Earlier this year, the ECJ (European Court of Justice) invalidated the EU–US Privacy Shield, ruling that it fails to protect people’s rights to privacy and data protection.
It followed heavy criticism from the Austrian privacy activist Max Schrems, who argued that the US government’s mass surveillance practices contradicted the protections that the Privacy Shield was supposed to provide.
The ECJ didn’t provide an alternative mechanism for conducting transatlantic data transfers, leaving many organisations unsure about how to proceed.
As such, the data privacy group noyb – led by Schrems – contacted 33 organisations to find out how they responded to the ruling.
The group asked organisations whether they were sharing personal information with third parties outside the EU and, if so, what the legal basis for that transfer is, whether those legal parties work with the US government, and, in the case of EU–US data transfers, what technical and organisational measures are in place.
How did organisations respond?
An alarmingly high number of answers indicated that organisations are not just struggling with this issue but GDPR (General Data Protection Regulation) compliance in general.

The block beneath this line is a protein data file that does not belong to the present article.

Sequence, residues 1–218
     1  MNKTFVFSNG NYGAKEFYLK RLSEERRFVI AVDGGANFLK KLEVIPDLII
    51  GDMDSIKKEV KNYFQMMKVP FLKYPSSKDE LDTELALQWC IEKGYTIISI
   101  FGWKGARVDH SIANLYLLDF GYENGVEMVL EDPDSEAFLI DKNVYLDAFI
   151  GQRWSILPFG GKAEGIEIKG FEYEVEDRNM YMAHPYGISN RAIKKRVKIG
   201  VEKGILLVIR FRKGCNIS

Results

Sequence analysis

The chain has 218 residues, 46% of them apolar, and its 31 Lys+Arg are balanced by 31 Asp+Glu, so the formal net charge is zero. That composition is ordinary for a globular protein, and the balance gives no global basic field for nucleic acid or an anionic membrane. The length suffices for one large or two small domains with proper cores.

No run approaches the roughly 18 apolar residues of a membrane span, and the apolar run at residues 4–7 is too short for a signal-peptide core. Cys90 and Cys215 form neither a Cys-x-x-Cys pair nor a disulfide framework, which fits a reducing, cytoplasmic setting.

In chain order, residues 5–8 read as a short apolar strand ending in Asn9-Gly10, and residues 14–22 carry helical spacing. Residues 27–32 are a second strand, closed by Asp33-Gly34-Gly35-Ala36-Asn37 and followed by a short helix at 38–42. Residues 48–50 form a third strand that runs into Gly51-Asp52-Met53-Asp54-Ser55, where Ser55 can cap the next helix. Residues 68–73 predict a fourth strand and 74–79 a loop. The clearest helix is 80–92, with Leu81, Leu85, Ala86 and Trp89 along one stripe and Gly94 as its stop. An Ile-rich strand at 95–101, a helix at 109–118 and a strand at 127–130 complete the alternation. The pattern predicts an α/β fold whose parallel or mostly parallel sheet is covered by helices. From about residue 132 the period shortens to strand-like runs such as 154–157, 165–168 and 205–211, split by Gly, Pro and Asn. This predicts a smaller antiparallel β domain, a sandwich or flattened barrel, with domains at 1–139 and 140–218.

Airbnb and WhatsApp didn’t respond, and Netflix and American Express failed to provide substantial information.
Slack was evasive, saying that it did not “voluntarily” provide governments with access to personal data, without stating whether it was compelled to do so under US surveillance laws such as the FISA (Foreign Intelligence Surveillance Act) 702.
By contrast, several organisations provided comprehensive answers, with the majority saying that they relied on SSCs (Standard Contractual Clauses).
Of the 33 organisations that were contacted, 19 said they used SCCs, which are legal contracts that are widely used between the EU and the rest of the world.
They outline the terms and conditions for data transfers, and apply when organisations participate in two-way data sharing and internal personal data transfers.
Schrems’s complaints against the Privacy Shield also challenged the validity of SCCs, and although the ECJ chose not to abolish them, it did restrict their applicability.
For an SCC to be lawful, organisations and regulators must conduct a case-by-case analysis of them to determine whether protections concerning government access to personal data meet EU standards.
It’s not clear from the responses noyb received whether organisations had done this.
So, what should you be doing?
For most organisations, SCCs are the most appropriate way to make transatlantic data transfers, but if you’re not familiar with how they work or the new rules surrounding them, you will have your work cut out.
Fortunately, our EU–US GDPR Data Transfer Assessment and Action Plan makes this process easy.
We will conduct a thorough assessment of your data transfer practices and requirements, and provide step-by-step advice on how to complete data transfers efficiently and in line with the GDPR’s requirements.